Why do I have to read the dog or cat's bio before applying? Why is such a big importance placed on the dog or cat's bio?
Rescued animals go through a lot of change, from leaving their original home and interacting with new people. Our fosters do basic training with our dogs/cats while they are in their care. Not only does this give us an idea of the animal's personality in a home environment, but it also gives us an idea of the support that they might need to succeed. The bio's are written by our foster parents who have had the most experience with the animal so far. By reading the bio, you will be doing yourself a favour, because you will know what to expect from the animal of your interest. We understand how easy it is to fall in love with a cute dog or cat by looking at the picture, but reading the bios properly will ensure you’re applying for your perfect match.
I can't decide which dog or cat I should apply for. Can I apply for multiple dogs and cats at the same time? No. You can only apply for one dog and one cat at a time. We recommend that you carefully read the bio of each dog and cat you are interested in, and try to choose 1. Our volunteers and fosters put a lot of effort into these bios, so it's important to read them properly and think about how each dog or cat will fit with your lifestyle and personality.
I have a cat(s) at home, but the dog's bio says “not cat tested”. Will you consider me?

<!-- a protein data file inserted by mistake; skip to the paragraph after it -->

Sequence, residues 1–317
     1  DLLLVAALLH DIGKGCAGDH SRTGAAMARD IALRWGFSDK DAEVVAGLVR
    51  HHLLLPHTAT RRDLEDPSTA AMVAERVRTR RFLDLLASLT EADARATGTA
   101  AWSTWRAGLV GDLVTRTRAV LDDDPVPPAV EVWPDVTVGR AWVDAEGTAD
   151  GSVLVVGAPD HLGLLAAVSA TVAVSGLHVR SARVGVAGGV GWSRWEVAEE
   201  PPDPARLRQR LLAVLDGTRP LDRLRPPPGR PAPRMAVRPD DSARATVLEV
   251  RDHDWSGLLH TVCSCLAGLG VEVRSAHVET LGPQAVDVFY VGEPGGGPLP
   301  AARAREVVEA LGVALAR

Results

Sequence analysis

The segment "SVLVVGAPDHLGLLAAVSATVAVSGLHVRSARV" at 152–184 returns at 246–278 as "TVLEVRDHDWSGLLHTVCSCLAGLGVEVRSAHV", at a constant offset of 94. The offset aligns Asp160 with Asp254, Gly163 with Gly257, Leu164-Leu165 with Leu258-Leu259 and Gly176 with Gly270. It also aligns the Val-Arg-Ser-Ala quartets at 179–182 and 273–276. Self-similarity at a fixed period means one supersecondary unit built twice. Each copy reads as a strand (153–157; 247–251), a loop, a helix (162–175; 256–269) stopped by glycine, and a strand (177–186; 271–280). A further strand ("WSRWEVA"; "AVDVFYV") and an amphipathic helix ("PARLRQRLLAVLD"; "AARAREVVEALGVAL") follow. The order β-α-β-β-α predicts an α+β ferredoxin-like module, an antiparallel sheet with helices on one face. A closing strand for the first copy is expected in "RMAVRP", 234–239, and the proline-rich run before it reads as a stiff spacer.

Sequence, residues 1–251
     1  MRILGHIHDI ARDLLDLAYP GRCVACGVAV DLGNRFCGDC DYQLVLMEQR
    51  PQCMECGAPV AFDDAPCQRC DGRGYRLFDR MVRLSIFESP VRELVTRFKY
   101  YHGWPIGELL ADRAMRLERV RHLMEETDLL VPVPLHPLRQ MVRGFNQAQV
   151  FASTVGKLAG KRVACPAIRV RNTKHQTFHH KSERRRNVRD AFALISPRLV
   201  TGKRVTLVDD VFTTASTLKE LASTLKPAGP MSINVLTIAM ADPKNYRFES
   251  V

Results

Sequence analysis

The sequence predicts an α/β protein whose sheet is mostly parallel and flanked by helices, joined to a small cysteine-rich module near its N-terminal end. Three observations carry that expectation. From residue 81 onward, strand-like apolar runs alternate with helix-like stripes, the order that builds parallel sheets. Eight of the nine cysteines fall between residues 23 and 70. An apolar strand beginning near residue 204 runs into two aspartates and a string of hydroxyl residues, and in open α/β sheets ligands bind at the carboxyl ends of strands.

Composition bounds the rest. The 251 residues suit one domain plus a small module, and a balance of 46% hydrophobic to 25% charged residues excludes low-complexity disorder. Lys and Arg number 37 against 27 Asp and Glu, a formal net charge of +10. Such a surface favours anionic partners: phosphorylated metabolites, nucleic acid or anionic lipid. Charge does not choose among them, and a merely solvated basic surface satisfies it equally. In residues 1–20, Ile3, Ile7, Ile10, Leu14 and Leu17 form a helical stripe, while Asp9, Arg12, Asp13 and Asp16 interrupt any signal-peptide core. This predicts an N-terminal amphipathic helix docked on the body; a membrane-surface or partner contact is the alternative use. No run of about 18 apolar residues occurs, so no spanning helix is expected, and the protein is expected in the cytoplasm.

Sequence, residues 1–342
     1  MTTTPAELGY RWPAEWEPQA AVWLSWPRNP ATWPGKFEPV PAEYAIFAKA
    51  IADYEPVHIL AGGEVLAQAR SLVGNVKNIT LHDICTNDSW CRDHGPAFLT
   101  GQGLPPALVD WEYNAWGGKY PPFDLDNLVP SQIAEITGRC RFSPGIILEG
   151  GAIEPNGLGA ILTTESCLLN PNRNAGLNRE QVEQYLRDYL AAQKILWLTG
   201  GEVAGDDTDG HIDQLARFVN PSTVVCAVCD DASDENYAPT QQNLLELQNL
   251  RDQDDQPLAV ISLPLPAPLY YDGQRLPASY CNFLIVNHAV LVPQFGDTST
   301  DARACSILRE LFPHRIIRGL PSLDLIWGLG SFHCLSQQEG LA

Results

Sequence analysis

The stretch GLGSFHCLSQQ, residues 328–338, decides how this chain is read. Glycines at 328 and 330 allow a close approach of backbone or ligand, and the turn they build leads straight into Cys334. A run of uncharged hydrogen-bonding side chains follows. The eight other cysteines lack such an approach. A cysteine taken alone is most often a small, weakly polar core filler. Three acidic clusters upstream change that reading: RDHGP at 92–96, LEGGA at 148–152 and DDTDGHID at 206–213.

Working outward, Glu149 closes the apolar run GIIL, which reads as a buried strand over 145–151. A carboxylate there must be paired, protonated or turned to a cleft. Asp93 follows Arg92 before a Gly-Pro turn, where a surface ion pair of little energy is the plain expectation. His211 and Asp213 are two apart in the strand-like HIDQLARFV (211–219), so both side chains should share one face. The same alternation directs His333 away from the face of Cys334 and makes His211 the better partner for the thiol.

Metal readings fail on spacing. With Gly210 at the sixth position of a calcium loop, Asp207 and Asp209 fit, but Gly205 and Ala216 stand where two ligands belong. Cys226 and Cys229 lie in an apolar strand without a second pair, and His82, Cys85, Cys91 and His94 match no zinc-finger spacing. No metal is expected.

“Not cat tested” means the dog hasn’t met a cat in foster care, so we have no knowledge on how the dog will do with a cat. If the dog does not show signs of prey drive, we can consider a home with cats. However, the cat owner should consider somethings before submitting an application for a dog that isn’t cat tested. You MUST do your research on proper dog/cat introductions in the home and you must be willing to work with the dog if the dog starts to show unwanted behaviours towards the cat.
I have young children at home, but the dog's bio says "not kid tested". Will you consider me?
“Not kid tested” means the dog hasn’t had many interactions with children under 12 while in foster care. We are open to homes with children, however, it is important the children understand how to properly approach the dog. Doing research and discussing with your children before applying to adopt is crucial. You need to be sure that your children will respect the dog. Some dogs who are "not kid tested", may become grumpy or upset if they are played with in a way they don’t appreciate.
If you are approved for a meet and greet, we require all family members, including children to attend.
I've sent in my application, what's next? It is very likely that we received multiple applications for the dog of your interest. Please give us up to 3 days to review your application. Below are the steps we will take. We will only proceed to the next stage if the team is content with the earlier stage.
We will assess your application form
We will do a reference check
We will schedule a Zoom video interview with you. All adults living in the home are required to be on the Zoom call.
We will let you know if you are approved for a meet and greet, at which point you will be able to meet the dog and their foster. Everyone in the family including your current dog living with you are required for the meet and greet.